A Poem

Finding Pasture

I stand at the cemetry feeling out of place.

The life of a man, a good man has come to an end.

Downcast eyes, hurried greetings, hugs.

A piper leads us towards the hall.

Catholics buried here says the rusty sign.

Lutherans buried here says another sign.

Greek Orthodox here, the list goes on.

I notice but I don’t respond, the life of a good man who was neither has come to an end.


Where will they bury him?


Outside, in the field, among the sheep, now alone, stands a cross.

Looking through stained glass windows I hear the tones of a well worn hymn. 

Everyone is in there I want to get in.

This is my church, the place I belong, Jesus you are the way! Please let me in.

I stand at the door and read the words etched in stone:

I am the gate.

Jesus you are the gate – Please let me in!


For a long time I stand and look at the splinters and the cracks in the old wooden door. 

It opens for some but it wont let me in.

Late in the day I turn to go home.

I remember the cross and the words etched in stone.


Jesus you are the gate.


A smile on my lips and excitement in my heart.

The gate isn’t to go in, the gate is to go out.


The cross in the field surrounded by sheep.


This poem was inspired by the song “Philosophy of Loss” by the Indigo Girls. You might recognize my starting point from these lyrics:

Modern scribes write in Jesus Christ
Everyone is free
And the doors open wide to all straight men & women
But they will not not open to me


  1. Thanks for this tapman. The gate isnt to go in. The gate is to go OUT!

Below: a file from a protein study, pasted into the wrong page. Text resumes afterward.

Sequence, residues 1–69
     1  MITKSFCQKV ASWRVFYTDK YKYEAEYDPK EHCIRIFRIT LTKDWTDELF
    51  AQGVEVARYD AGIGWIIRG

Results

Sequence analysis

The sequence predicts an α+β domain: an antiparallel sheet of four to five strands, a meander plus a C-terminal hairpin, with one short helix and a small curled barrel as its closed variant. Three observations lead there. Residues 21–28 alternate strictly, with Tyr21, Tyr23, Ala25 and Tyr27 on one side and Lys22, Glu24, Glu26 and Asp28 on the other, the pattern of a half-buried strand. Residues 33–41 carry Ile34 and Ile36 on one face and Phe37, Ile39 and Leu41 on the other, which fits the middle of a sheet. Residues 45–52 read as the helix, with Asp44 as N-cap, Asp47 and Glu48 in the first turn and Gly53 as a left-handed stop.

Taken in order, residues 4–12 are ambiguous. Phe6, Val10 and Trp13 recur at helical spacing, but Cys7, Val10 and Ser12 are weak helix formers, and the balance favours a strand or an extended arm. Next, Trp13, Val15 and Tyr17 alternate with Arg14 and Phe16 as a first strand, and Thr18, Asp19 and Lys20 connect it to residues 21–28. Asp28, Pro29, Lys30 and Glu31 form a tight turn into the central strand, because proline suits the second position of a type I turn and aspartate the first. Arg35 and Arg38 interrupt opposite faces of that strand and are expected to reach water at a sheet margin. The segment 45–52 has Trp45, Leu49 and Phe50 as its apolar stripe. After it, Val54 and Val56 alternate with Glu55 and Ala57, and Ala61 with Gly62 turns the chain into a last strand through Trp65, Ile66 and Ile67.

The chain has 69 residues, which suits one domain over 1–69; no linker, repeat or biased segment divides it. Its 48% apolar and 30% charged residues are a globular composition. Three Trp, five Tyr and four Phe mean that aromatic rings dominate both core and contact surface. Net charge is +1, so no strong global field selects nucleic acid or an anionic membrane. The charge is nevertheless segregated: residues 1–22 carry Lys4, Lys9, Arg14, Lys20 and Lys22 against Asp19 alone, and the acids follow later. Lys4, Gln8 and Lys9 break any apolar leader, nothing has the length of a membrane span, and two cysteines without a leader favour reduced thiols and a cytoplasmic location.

I am reminded of a someone somewhere who said…*I stand at the door and knock*… if he is knocking… I guess that means he is outside… and I guess that is where we might find him.

  2. You quote those Indigo Girls lyrics rather uncritically, Tapman? The lyrics suggest that the only reason for discrimination on who is welcome through the doors, is whether a person is straight or not! Does such a policy of discrimination exist anywhere? Certainly there are churches that are not welcoming of practising homosexuals, but do such churches welcome “all straight men & women”? Ive not heard of a church with a single-issue discrimination policy.

    1. Absolutely, I cried when I first heard the song. As far as the song lyrics go I am not making any theological statement, just hearing the hurt. The poem however was a gift and speaks volumes about where I am – have another read, we’ll worth it.

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